Nathan Orcutt, a cabinetmaker by trade, built Alexander’s house in 1864-1865.14 Orcutt and his wife Margaret I. Graham came here from New York in 1854 Orcutt was the finest of workmen, strict about the exactness of fit between two pieces of wood, keeping a keen edge on his tools, and leveling horizontally and vertically as he built. Livingston is said to have paid an extra $1.50 per 1,000 board feet over the regular lumber price so he could select siding free of knots. When Orcutt was done, the Livingston house had a “furniture finish. The rooms are remarkably light and airy for a house of the mid-Victorian era.
According to the original land deed, the land upon which the house stands was originally part of a 313-acre tract sold to John Logan and Daniel Easll in 1802. The original deed is signed by Thomas Jefferson. Through a succession of owners, the land ended up in the hands of James Graham, who died in 1843. At that time the estate had dwindled to 51 acres and was left in the hands of Margaret Graham, James’ widow. According to The History of Reynoldsburg, Alexander Livingston bought part of the land from Joseph and Henrietta Osborn, however. The land deed shows that Livingston had to battle in court for ownership of the land because of legal challenges from Margaret Graham.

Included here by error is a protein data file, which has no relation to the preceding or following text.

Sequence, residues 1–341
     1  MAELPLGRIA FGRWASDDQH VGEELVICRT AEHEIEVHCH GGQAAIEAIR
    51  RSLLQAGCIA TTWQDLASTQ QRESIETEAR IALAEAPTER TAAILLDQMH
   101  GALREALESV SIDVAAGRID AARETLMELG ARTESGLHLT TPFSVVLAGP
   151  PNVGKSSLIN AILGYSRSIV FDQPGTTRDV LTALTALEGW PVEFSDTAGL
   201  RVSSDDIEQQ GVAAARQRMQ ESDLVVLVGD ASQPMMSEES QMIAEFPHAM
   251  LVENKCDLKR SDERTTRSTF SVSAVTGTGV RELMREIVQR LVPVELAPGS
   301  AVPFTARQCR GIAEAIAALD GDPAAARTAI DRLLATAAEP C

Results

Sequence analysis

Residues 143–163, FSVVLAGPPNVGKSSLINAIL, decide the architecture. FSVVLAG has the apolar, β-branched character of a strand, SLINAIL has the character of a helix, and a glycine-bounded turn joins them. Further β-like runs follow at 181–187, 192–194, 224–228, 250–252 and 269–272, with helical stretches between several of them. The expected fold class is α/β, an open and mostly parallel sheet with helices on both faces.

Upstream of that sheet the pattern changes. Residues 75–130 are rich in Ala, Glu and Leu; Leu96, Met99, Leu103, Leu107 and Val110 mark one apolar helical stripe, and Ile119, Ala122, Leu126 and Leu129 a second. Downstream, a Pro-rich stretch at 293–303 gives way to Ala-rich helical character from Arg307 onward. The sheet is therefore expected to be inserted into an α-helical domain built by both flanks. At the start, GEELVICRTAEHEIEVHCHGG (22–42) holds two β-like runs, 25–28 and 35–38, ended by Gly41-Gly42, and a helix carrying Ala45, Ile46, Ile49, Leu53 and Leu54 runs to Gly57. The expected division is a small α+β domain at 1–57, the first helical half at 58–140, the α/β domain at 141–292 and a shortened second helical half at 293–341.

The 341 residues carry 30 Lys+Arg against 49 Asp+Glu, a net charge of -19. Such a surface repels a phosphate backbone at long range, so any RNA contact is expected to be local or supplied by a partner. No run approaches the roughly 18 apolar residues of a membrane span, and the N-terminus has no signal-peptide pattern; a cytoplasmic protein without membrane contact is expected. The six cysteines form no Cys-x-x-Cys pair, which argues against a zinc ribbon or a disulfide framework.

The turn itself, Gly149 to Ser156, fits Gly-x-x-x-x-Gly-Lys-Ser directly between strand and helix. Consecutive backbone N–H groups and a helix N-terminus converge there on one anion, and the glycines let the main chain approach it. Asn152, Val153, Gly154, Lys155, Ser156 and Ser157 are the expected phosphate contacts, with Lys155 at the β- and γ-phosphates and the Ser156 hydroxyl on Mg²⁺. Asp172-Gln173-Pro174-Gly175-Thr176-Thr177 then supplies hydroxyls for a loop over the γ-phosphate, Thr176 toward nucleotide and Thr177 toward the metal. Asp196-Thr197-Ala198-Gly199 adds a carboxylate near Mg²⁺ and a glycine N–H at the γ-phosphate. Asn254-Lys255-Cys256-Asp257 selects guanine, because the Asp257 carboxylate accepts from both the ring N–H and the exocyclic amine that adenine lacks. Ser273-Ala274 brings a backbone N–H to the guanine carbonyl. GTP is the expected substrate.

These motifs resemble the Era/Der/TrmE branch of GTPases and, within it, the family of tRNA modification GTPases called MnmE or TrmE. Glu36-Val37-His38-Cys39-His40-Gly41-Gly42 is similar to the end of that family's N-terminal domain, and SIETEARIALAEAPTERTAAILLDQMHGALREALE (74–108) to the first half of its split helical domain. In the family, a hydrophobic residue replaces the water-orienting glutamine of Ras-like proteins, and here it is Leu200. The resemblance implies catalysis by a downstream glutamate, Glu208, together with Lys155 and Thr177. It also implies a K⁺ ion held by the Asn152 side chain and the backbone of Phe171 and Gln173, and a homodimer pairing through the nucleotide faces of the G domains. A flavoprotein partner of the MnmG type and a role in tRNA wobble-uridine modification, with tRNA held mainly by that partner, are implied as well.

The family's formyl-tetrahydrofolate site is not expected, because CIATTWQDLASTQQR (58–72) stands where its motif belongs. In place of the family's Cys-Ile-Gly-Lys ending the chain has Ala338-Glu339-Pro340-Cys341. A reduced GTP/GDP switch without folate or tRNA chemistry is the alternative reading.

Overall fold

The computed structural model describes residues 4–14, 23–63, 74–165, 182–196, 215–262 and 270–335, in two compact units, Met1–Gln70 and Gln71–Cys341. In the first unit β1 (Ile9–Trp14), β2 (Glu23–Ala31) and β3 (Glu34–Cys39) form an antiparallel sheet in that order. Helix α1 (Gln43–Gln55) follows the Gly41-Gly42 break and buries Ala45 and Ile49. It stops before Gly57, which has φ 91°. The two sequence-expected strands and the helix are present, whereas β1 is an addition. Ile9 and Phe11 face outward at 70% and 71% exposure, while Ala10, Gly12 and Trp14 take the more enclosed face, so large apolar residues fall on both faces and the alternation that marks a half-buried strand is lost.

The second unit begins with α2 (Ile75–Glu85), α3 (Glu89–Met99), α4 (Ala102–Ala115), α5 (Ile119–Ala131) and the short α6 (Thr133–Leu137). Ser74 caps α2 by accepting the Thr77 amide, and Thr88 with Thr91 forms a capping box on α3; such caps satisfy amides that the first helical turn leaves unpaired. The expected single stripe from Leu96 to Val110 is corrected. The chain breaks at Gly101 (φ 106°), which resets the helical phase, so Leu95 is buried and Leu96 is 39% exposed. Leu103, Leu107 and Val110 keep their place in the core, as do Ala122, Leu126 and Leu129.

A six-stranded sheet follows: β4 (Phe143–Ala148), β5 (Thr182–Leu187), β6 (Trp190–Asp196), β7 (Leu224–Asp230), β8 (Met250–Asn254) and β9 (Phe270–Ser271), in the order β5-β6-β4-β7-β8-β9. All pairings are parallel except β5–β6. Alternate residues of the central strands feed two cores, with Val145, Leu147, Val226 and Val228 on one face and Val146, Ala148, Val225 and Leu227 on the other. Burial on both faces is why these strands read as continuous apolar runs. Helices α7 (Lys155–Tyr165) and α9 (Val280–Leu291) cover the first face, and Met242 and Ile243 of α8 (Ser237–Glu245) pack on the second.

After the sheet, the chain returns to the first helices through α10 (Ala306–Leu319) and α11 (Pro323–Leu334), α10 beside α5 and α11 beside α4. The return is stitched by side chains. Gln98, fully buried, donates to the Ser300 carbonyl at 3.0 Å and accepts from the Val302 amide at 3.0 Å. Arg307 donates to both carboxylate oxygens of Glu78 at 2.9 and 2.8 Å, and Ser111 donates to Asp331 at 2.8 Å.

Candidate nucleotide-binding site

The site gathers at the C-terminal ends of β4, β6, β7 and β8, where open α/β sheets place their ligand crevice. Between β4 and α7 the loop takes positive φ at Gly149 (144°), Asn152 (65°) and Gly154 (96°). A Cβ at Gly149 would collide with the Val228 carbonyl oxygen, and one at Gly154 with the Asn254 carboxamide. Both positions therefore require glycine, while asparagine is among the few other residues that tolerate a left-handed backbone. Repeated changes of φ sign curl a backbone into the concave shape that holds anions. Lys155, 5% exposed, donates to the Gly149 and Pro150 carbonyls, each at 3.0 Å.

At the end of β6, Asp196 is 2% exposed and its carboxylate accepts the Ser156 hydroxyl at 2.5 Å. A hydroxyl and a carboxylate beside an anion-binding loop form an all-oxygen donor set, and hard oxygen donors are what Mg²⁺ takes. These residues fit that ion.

Despite his fame as a seed merchant and tomato breeder, Livingston apparently went broke and had to sell the farm in 1877, however. In a tangled legal maze, many owners traded possession of the land. Robert and Mary Barb bought the house and 70 acres for $4,350 in 1878. Cora E. Barb’s name appears in the 1920s.
Livingston House drawing by J. E. Downing, member of the Reynoldsburg-Truro Historical Society